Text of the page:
Leading Antibiotic Linked to Sudden Death
Following the news that drugs like Tylenol can actually lead to death when taken correctly in low dose form, new information has found that one of the most widely used antibiotics also has a very concerning death link. The pharmaceutical, known as azithromycin, has been linked to an increased likelihood of sudden death in adults — especially those with heart disease or a high risk for the condition.
Of course heart disease is rampant among the population, meaning that a large percentage of individuals therefore have an increased risk of sudden death when taking this popular drug to treat infection. While the odds of sudden death affecting the patient are not very high, the findings led researchers to urge doctors to reconsider prescribing the drug.
What the doctors may not be aware of is the fact that natural alternatives to antibiotics do exist that are both highly effective as well as exceptionally safe. Peer-reviewed research has shown that garlic, which is also beneficial to improved immunity and wellness, is even more effective than antibiotics in fighting common illness.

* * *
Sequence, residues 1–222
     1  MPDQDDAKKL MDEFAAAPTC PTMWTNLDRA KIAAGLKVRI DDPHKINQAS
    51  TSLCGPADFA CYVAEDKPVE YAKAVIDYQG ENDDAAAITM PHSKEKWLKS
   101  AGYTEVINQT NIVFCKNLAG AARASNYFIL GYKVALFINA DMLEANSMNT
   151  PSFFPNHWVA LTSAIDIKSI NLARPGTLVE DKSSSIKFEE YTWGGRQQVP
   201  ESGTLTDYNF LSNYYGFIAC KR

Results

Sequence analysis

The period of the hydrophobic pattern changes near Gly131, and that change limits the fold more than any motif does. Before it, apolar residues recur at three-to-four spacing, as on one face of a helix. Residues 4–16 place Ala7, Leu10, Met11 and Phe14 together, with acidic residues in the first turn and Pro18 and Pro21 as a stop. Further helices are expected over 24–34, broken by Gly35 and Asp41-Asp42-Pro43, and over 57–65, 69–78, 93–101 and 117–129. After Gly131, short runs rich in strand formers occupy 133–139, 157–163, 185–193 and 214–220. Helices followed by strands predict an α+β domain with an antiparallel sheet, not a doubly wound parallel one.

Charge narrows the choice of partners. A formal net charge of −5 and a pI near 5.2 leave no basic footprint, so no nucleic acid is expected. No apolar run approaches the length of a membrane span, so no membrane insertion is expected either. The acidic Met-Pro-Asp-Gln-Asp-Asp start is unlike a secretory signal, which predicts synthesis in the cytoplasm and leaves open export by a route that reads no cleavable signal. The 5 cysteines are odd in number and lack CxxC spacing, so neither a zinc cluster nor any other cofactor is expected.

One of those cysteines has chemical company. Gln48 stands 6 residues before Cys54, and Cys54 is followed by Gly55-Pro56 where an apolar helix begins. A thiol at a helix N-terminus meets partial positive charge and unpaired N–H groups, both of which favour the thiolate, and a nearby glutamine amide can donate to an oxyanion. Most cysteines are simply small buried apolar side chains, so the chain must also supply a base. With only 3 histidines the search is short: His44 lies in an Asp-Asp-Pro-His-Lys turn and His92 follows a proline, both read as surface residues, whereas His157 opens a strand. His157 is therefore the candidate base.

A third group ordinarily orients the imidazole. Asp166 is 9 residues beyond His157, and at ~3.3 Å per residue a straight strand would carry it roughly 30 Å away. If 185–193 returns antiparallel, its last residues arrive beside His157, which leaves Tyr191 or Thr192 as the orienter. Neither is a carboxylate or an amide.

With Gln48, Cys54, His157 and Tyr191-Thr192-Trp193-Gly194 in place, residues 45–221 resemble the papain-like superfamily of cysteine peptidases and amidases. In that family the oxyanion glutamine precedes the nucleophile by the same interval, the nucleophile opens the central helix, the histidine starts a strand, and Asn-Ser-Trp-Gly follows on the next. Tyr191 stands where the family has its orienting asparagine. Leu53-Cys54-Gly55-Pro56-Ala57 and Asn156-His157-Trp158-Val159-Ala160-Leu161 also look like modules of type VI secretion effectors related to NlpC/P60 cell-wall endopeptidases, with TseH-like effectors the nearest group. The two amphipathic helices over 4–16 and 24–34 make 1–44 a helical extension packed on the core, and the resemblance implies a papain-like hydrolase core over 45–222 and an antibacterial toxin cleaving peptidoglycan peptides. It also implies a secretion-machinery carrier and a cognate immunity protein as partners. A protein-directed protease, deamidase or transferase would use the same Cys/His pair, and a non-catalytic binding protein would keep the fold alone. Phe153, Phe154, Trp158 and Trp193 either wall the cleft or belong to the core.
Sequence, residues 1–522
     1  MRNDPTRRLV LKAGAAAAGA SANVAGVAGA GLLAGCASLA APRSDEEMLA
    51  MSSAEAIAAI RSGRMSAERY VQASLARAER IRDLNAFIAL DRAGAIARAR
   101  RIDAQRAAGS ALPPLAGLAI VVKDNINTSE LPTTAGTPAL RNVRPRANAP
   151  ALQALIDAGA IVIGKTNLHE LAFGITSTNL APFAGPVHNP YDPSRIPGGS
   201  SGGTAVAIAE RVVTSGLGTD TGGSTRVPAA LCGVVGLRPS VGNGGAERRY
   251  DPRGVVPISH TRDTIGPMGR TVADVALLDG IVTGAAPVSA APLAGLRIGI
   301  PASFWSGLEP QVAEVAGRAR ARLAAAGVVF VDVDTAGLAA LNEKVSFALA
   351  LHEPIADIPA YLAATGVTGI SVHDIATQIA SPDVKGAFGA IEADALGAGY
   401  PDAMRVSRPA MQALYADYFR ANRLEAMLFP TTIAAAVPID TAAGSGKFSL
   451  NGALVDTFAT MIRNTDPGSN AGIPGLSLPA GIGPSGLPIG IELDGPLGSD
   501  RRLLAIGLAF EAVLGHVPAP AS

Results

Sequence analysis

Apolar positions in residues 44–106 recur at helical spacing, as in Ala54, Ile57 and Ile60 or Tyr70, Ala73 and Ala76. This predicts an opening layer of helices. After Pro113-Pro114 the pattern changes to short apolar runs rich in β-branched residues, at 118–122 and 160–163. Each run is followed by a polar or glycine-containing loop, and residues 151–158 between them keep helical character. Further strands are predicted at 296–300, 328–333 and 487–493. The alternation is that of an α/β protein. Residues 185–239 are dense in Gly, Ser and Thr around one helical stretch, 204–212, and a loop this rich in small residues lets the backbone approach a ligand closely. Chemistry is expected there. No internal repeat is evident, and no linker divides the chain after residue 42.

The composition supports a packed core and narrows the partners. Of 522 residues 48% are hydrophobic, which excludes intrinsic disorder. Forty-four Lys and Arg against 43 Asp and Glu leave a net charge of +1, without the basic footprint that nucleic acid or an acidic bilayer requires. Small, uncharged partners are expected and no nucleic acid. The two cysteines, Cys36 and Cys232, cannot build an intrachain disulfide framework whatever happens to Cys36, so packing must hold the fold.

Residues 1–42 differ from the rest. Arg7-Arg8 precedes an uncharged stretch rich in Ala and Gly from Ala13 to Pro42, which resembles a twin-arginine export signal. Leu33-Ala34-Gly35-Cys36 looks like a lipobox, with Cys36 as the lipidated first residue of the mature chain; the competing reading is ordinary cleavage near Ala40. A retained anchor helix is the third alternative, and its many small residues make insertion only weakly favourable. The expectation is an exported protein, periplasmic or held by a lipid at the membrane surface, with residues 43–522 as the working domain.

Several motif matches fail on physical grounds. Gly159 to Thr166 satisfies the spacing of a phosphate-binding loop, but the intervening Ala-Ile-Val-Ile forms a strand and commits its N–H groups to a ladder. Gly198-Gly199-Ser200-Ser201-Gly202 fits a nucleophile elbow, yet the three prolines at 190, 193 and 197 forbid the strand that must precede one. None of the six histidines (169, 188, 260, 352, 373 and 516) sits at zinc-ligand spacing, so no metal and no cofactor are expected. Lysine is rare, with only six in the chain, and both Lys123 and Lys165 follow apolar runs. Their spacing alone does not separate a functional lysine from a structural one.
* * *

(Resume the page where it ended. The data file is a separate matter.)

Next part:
When also considering the fact that antibiotics have been linked to serious conditions like mental illness, heavily drug-resistant superbugs, and obesity, the threat of antibiotic overuse becomes even more apparent. Amazingly, the issue of widespread antibiotic use has been continually recognized as a major threat to public health by health professionals and political legislators alike.
It was the threat of resistant superbugs as a result of antibiotics used in the food supply that led a United States judge to order the FDA to remove them from the animal feed supply. The FDA’s response? After ignoring calls to remove antibiotics from the feed stemming back to 1977, the agency finally stated that they would partially remove them from the feed supply over the next few years.
It is clear that there is a serious problem with the over-prescription of antibiotics, and the subsequent results are hampered health and serious side effects. In some cases, it could even be death.
Natural Society staff contribution